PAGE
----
Study: US needs better-trained math teachers to compete globally

April 15, 2010

Math teachers in the United States need better training if the nation's K-12 students are going to compete globally, according to international research released today by a Michigan State University scholar.

William Schmidt, University Distinguished Professor of education, found that prospective U.S. elementary and middle-school math teachers are not as prepared as those from other countries. And this, combined with a weak U.S. math curriculum, produces similarly weak student achievement, he said.

The Education Study in , or TEDS-M, is by far the largest of its kind, surveying more than 3,300 future teachers in the United States and 23,244 future teachers across 16 countries. Schmidt led the U.S. portion of the project.

"We must break the cycle in which we find ourselves," said Schmidt, who presented his findings at a Washington news conference.

"A weak K-12 in the U.S., taught by teachers with an inadequate mathematics background, produces high school graduates who are at a disadvantage. When some of these students become future teachers and are not given a strong background in mathematics during teacher preparation, the cycle continues."

More rigorous K-12 math standards, which are part of the Common Core State Standards Initiative, will be completed soon by the National Governors Association and the Council of Chief State Officers. The standards are expected to be adopted by a majority of the 48 states considering them.

But the new standards will require U.S. math teachers to be even more knowledgeable, Schmidt said. His study found that while nearly all future middle-school teachers in the top-achieving countries took courses in linear algebra and basic calculus, only about half of U.S. future teachers took the fundamental courses.

To attack the problem, Schmidt laid out a three-fold approach:

  • Recruit teachers with stronger math backgrounds.
  • Implement more rigorous state certification requirements for math teachers.
  • Require more demanding math courses in all teacher preparation programs.
Schmidt, who studied the performance of 81 public and private colleges and universities, said the real issue is how teachers are prepared - the courses they take and the experiences they have. The quality and type of programs in the varies widely by state and by institution.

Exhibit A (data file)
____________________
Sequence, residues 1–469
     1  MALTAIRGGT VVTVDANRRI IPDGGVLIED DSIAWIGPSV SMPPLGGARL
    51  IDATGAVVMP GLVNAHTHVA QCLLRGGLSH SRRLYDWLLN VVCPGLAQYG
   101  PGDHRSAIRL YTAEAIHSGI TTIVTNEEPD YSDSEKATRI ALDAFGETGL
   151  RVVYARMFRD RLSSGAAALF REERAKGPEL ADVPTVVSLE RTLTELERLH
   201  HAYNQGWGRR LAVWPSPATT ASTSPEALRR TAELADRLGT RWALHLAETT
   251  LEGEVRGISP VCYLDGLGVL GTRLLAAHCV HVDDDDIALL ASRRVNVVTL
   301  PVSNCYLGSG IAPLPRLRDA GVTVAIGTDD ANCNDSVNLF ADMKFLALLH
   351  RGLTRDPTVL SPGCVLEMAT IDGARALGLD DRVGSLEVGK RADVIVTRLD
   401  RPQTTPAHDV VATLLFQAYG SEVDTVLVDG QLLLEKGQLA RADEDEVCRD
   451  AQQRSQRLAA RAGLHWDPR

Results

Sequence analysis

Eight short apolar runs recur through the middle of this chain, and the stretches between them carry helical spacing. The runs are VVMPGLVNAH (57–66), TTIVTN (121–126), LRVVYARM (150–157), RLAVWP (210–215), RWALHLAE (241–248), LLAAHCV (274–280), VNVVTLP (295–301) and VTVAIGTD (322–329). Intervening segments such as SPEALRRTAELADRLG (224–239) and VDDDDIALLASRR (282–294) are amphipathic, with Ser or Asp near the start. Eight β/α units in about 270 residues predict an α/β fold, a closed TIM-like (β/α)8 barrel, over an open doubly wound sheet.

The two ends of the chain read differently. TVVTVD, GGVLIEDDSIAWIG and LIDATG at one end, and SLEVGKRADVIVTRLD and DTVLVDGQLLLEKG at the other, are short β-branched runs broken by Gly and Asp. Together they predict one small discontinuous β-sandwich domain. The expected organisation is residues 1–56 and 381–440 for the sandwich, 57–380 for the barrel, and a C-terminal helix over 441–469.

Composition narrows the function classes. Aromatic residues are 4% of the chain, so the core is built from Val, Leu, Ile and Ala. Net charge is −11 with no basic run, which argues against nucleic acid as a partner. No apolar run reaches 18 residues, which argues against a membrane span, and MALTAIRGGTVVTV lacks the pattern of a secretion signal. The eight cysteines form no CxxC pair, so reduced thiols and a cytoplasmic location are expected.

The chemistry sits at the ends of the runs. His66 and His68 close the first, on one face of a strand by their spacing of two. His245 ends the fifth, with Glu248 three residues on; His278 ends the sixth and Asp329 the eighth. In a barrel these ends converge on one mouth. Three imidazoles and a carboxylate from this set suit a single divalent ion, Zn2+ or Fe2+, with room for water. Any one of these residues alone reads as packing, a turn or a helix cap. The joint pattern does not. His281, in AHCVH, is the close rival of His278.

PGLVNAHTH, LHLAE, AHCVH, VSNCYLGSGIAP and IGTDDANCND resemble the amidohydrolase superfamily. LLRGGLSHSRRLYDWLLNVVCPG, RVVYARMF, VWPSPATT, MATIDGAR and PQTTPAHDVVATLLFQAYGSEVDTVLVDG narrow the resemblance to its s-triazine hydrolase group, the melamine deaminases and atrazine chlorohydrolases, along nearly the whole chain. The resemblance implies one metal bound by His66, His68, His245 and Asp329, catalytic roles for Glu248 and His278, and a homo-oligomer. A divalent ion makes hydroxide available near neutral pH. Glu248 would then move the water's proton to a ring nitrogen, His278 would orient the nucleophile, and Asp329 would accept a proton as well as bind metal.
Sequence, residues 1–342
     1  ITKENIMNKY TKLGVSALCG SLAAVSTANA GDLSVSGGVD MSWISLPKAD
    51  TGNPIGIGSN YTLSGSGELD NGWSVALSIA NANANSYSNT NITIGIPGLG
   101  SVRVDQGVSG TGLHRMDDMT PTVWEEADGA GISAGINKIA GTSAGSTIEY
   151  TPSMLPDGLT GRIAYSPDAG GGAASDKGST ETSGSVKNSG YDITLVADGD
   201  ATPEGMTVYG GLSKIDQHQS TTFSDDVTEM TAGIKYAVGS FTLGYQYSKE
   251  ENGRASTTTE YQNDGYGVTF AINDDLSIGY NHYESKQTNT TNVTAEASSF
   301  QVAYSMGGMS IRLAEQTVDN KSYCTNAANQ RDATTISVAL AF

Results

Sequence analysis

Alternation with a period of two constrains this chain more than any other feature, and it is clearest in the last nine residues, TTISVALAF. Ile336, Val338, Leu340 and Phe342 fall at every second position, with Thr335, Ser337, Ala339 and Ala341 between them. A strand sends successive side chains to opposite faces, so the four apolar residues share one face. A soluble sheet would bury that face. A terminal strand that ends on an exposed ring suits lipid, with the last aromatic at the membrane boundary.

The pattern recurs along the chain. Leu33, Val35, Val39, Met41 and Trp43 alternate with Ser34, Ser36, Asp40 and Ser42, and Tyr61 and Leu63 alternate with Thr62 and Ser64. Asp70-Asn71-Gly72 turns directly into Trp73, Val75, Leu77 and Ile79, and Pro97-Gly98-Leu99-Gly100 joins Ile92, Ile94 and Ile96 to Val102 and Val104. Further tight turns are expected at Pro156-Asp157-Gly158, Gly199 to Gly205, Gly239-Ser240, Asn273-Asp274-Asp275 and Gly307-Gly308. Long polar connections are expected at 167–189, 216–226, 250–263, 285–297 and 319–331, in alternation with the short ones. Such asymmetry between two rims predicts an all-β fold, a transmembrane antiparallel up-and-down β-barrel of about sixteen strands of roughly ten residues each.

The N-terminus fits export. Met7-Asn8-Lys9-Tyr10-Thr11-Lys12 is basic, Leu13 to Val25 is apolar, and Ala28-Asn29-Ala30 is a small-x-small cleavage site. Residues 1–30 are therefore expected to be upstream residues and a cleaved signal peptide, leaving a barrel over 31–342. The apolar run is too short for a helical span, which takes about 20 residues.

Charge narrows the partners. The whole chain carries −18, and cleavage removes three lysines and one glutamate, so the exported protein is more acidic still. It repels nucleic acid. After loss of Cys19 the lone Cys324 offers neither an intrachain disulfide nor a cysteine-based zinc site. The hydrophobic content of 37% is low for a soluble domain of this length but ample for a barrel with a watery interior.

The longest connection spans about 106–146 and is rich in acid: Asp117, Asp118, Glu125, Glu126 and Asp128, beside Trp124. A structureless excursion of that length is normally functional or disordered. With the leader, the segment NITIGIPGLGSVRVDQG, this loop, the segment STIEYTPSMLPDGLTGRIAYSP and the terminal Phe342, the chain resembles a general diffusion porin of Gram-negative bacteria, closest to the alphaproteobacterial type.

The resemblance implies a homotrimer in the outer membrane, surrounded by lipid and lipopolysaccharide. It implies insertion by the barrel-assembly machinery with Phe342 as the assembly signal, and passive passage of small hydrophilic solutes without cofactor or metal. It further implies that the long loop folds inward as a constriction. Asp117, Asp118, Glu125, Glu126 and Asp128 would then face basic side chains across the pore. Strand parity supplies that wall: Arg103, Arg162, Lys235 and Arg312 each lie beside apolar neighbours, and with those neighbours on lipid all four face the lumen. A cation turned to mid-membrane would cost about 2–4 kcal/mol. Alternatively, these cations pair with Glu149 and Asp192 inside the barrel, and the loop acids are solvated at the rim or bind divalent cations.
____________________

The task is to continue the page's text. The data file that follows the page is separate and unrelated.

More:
TEDS-M revealed that differences in middle school teacher certification programs, for example, have a great impact on math-teaching capabilities. Future teachers prepared in programs focused on secondary schools (grades 6 and above) had significantly higher mathematics knowledge scores than those prepared in other types of programs, including those focused only on middle school teacher preparation.

"Teacher preparation curricula are critical, not only for our future teachers, but also for the children they will be teaching," Schmidt said. "The problem isn't simply the amount of formal math education our future teachers receive. It also involves studying the theoretical and practical aspects both of teaching mathematics and teaching in general."

Explore further: Low-income US children less likely to have access to qualified teachers

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5 / 5 (1) Apr 15, 2010
For more info:

I find it curious (and telling) that the only two states not participating, are Alaska and Texas.
1 / 5 (1) Apr 15, 2010
What is really needed is an end to the government/union public school system. Many talented math professionals are not teaching because schools are run by liberal unions that demand at least a year of BS classes to teach.
Break the teachers unions and you may attract quality teachers.
1 / 5 (1) Apr 16, 2010
So, today's inadequately trained instructors are going to train tomorrow's better trained math teachers?

Until self-esteem is earned and not injected, there will be no improvement.

Read Charlotte Thomson Iserbyt's 'The Deliberate Dumbing Down of America' online as a searchable PDF of 6.75 MB ~700+ pages
not rated yet Apr 17, 2010
"For last year's Earth Day, for example, sixth-grade students at a tony private school near San Francisco were given this bizarre assignment: Make a list of ways Microsoft cofounder Bill Gates' fortune could be spent on environmentally friendly projects. There was no hint that systematic market-based incentives for people and businesses could protect the environment--merely that it is OK to appropriate wealth from someone as long as it's for a good cause."
Yes, the USA needs better science and math educators.

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